Parameter tags

required = true
The parameter is required; an error is shown if it is not present. The template's page itself is an exception; no error is shown there.
default =
Specifies a default value for the parameter, if it is absent or empty. When used on list parameters, this specifies a default value for the first item in the list only. Note that it is not possible to generate a default that depends on the value of other parameters.
If used together with required = true, the default applies only to the template's page itself. This can be used to show an example text.
alias_of =
Treat the parameter as an alias of another. When arguments are specified for this parameter, they will automatically be renamed and stored under the alias name. This allows for parameters with multiple alternative names, while still treating them as if they had only one name. It is even possible for the alias_of = to have a name that is not a parameter itself.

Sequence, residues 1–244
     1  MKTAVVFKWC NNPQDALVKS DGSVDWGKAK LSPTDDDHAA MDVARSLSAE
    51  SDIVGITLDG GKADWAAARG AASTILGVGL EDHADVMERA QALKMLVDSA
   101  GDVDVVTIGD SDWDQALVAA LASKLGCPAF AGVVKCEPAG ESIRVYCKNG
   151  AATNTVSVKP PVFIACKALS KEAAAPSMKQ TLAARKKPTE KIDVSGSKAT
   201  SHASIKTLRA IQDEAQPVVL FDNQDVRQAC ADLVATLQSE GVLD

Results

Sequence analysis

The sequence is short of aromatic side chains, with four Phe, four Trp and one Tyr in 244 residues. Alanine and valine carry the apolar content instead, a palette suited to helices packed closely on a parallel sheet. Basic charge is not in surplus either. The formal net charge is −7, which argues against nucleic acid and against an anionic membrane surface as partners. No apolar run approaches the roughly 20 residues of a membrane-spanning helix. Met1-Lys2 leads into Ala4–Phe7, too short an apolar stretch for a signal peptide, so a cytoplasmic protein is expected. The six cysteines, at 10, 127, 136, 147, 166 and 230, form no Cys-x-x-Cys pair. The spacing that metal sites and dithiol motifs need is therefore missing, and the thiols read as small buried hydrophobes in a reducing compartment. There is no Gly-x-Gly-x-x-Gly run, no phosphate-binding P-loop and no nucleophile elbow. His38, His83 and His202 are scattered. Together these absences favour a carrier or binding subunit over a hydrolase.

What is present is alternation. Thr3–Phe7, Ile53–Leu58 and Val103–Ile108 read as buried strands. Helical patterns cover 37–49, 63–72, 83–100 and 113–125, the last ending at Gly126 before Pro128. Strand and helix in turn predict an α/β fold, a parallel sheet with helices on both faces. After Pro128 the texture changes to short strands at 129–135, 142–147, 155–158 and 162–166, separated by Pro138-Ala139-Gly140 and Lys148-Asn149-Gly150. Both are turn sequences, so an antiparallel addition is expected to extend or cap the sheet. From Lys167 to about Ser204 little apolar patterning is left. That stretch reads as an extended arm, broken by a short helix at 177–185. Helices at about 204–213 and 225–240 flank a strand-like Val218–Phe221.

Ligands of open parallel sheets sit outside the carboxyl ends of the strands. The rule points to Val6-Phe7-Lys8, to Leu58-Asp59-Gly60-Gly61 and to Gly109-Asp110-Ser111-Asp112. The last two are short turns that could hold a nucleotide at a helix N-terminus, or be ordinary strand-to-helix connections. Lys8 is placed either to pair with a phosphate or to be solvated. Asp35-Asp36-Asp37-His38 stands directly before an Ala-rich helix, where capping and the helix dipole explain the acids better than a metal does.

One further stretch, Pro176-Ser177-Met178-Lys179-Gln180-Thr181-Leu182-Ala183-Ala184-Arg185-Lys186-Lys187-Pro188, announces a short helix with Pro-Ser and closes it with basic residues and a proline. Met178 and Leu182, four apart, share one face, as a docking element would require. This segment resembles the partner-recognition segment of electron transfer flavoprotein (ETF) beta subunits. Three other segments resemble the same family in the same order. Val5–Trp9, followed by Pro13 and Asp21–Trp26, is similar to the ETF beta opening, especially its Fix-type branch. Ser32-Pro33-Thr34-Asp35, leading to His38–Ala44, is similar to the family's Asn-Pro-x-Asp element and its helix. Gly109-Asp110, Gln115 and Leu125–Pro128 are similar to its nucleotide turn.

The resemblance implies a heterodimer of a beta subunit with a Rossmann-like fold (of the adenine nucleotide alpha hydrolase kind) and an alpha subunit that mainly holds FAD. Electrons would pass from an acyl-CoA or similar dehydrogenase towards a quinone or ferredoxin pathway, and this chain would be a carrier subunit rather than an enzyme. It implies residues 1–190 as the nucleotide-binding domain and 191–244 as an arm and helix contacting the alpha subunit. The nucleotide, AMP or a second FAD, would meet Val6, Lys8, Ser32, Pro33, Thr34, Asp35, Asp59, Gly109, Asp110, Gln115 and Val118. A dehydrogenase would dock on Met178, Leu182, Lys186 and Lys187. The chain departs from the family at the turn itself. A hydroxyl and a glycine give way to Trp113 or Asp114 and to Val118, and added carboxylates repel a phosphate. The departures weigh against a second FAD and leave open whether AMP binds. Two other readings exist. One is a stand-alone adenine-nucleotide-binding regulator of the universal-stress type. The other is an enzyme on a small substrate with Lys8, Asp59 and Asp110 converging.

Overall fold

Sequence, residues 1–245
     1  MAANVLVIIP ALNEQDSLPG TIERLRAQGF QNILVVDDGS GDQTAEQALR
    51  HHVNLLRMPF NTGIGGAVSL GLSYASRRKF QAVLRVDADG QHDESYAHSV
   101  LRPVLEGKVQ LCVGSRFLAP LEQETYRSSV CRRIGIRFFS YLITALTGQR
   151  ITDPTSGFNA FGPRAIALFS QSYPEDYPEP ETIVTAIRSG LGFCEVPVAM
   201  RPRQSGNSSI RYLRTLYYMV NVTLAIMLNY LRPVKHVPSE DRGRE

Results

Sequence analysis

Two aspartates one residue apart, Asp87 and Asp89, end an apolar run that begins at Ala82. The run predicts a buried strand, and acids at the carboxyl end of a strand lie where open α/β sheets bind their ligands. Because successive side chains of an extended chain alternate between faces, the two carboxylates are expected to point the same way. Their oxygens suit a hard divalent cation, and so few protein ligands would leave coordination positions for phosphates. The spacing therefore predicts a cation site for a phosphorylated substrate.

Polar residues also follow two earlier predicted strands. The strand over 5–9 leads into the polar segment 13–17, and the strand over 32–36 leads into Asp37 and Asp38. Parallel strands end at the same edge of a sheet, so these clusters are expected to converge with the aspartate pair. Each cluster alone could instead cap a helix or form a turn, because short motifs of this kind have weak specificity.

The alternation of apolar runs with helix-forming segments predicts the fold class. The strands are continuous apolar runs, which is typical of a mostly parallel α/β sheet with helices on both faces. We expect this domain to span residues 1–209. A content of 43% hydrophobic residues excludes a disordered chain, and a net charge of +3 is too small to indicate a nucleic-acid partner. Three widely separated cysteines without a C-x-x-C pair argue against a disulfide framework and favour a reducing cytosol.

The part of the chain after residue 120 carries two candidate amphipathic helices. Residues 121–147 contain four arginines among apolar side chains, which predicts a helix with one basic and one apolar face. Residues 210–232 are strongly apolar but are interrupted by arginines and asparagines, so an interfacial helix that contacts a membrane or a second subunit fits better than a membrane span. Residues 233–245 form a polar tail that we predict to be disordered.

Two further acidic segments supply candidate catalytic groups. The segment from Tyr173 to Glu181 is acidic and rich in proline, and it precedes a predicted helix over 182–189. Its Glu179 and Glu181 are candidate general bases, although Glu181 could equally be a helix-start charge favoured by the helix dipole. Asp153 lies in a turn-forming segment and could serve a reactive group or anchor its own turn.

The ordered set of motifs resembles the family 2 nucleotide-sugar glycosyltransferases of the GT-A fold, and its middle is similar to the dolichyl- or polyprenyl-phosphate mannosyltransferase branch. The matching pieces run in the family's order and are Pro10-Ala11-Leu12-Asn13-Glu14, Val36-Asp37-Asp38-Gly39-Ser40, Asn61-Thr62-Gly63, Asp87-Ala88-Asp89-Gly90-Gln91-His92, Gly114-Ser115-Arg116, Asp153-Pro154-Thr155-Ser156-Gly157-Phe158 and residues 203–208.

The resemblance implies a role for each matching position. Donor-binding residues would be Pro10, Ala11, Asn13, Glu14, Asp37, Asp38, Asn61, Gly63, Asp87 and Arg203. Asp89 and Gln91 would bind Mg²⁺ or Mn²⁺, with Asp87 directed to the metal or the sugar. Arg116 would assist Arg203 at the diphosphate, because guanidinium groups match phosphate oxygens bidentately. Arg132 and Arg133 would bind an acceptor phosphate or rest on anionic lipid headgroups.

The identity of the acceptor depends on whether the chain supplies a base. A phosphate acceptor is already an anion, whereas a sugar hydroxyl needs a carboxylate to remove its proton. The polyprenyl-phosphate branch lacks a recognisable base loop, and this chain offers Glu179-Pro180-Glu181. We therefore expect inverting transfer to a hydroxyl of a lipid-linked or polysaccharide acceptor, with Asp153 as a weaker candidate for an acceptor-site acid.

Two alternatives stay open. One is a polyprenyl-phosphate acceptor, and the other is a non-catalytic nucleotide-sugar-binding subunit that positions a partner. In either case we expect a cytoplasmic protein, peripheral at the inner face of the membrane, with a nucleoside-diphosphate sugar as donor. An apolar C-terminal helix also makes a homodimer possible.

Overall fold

Aliases should not be required, as this prevents the other name or names of the parameter from being used. Parameters that are aliases and required at the same time are tracked (see Special:WhatLinksHere/Template:tracking/parameters/required alias).
allow_empty = true
If the argument is an empty string value, it is not converted to nil, but kept as-is.
allow_whitespace = true
Spacing characters such as spaces and newlines at the beginning and end of a positional parameter are not removed.
type =
Specifies what value type to convert the argument into. The default is to leave it as a text string. Alternatives are:
type = "boolean"
The value is treated as a boolean value, either true or false. No value, the empty string, and the strings "0", "no", "n" and "false" are treated as false, all other values are considered true.